While young men and boys can and do excel in many types of educational institutions, schools for boys focus with intention on learning that address, not only how to excel in academics, but also how to grow into a young man of integrity and empathy.
In engaging and supportive single-sex environments, students explore their values and establish a foundation for making responsible decisions; they explore their own definitions of self, who they are and who they want to become; they learn to forge healthy relationships; they step out of their comfort zone to explore their full potential.
They are preparing for their roles in a globally connected world.
Here’s how that happens.
1. Schools for Boys Understand and Celebrate Boys.
Schools that make the intentional choice to focus on the holistic lives of boys and young men (i.e.: intellectual, physical, social, and emotional) share an appreciation for the intensity and complexity of boyhood. Educators at boys’ schools celebrate and value all that it means to be a boy.
With years of experience, and in collaboration with their peers, teachers at boys’ schools, like Philadelphia Collegiate, encourage their students to grow and mature at their own developmental pace, using teaching strategies that address learning styles specific to boys. They understand the different and complex worlds of the primary school boy and the young man preparing for university. And they strive to support each individual’s needs and aspirations.
Philadelphia Collegiate recognizes that boys most often are physically active, competitive, and apt to take risks. These characteristics are channeled into their learning experience. We use flexible schedules and class times that permit students to move around freely throughout the day, building equity and agency in the lives of boys. Our educators stimulate a boy’s interests with a mix of academics, arts, music, or athletics to continuously engage his mind and body. Faculty members also acknowledge the full range of boys’ emotions and vulnerabilities, broadening their spheres and, ultimately, fostering their ability to interact meaningfully with girls and women.
2. Schools for Boys Seek First to Build Good Men.
In addition to pursuing high academic achievement, schools for boys share many broad goals: to promote well-being, to develop resilience and empathy, and to see that each student achieves his potential. But none is more important than the essential goal of building good character and, by extension, of helping each boy and young man make responsible choices and live an honorable life.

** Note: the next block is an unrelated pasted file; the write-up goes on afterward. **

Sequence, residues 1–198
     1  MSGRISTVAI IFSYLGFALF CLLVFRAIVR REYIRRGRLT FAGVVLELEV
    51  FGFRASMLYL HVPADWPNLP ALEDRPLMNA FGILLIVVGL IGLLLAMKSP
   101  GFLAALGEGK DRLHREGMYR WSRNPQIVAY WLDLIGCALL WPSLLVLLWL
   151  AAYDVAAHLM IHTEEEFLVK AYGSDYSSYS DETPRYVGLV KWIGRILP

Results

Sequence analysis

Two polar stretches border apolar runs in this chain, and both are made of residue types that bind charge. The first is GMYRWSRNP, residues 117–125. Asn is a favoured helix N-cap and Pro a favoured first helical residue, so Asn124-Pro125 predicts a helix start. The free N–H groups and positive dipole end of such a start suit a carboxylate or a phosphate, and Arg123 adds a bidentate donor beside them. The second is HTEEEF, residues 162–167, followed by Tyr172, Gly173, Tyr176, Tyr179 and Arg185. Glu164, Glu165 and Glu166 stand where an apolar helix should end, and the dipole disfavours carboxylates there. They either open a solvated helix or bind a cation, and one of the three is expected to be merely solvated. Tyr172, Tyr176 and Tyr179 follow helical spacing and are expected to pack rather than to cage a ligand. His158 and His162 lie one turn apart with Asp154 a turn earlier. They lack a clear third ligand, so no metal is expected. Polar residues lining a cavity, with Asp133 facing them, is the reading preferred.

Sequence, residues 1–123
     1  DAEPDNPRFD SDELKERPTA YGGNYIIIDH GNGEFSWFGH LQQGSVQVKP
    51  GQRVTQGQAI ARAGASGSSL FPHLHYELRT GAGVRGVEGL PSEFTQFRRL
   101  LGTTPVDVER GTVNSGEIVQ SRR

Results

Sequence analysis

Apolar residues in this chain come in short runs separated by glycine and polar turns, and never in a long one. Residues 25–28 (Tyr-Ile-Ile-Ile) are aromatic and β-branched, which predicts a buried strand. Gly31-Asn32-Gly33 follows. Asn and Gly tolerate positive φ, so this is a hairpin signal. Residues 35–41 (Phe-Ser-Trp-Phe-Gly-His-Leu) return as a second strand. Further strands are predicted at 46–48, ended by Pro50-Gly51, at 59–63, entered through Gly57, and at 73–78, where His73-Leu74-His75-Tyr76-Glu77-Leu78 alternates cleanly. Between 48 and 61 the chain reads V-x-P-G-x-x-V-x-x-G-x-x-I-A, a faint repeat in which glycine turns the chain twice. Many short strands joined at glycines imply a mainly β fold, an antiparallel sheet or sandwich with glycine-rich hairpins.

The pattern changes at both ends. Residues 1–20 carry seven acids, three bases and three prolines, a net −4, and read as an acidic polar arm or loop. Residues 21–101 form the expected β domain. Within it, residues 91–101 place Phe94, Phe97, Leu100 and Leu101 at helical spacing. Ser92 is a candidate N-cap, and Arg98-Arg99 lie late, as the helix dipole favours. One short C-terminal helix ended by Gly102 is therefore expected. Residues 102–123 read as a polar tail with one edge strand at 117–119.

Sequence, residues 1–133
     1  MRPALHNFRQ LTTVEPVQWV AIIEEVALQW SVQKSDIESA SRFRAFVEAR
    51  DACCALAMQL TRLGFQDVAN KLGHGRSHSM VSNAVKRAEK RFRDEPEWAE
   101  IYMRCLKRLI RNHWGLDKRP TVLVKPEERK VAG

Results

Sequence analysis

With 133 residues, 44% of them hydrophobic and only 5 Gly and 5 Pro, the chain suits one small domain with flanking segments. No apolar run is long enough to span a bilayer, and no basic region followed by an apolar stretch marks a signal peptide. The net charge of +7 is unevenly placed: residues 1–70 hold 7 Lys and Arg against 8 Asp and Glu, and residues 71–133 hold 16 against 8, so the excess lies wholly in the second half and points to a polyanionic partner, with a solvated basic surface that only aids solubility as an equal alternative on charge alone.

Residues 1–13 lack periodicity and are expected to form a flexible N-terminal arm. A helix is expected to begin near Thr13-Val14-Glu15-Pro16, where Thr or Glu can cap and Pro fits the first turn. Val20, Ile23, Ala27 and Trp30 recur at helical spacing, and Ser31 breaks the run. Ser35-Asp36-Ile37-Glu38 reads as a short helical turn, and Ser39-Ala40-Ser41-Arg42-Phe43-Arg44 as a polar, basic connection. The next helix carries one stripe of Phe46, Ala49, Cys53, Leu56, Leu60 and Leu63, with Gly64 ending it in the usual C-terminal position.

A commitment to integrity and a strong ethical foundation are a school’s first priorities, and educating students about how to become a good man informs every aspect of the day. Some schools do this by teaching with an official 'code of conduct'; others have developed a formal character education curriculum; a great many teach critical values through their faith-based affiliations. Often it is the experience of performing with the orchestra or playing on the basketball team that affords a lesson in courage, perseverance, or teamwork.
Each initiative is strengthened by outstanding faculty who model ethical behavior daily, and also by student leaders, peer counselors, and other mentors. Boys learn that there are clear expectations to do what is right. They also learn that there are many routes to becoming a good man.
Most schools have a program of service learning that encourages students to work within the greater community to help others. At some schools, those programs are conducted with area girls’ schools, giving boys the opportunity to interact in a respectful and supportive way with their female peers.
3. Schools for Boys Know that Boys Develop and Learn in Different Ways.
It’s a simple fact that boys and girls grow at a different pace. Boys’ strengths are different from those of girls. While girls generally develop earlier physically and socially, refining their reading and writing skills sooner, boys are more spatial and visual by nature, and they demonstrate a natural affinity for areas like abstract mathematics. They are also hard-wired to learn more easily through action than words.
Using fMRI (functional magnetic resonance imaging), researchers have observed differences between the developing male and female brain that demonstrate why boys and girls learn in different ways. Boys’ brains are wired to require movement, space, action, and rest. They also learn better when material is presented in small portions. Thus, a typical coeducational classroom that favors verbal and auditory learning can put an active boy at a disadvantage.
One of the important advantages of a single-sex education is the opportunity it presents to create a learning environment, literally and figuratively, that accommodates what boys and young men need. In a school that is boy-centered, teachers introduce more kinesthetic and sensory experiences into their curriculum, engaging boys more fully in their learning.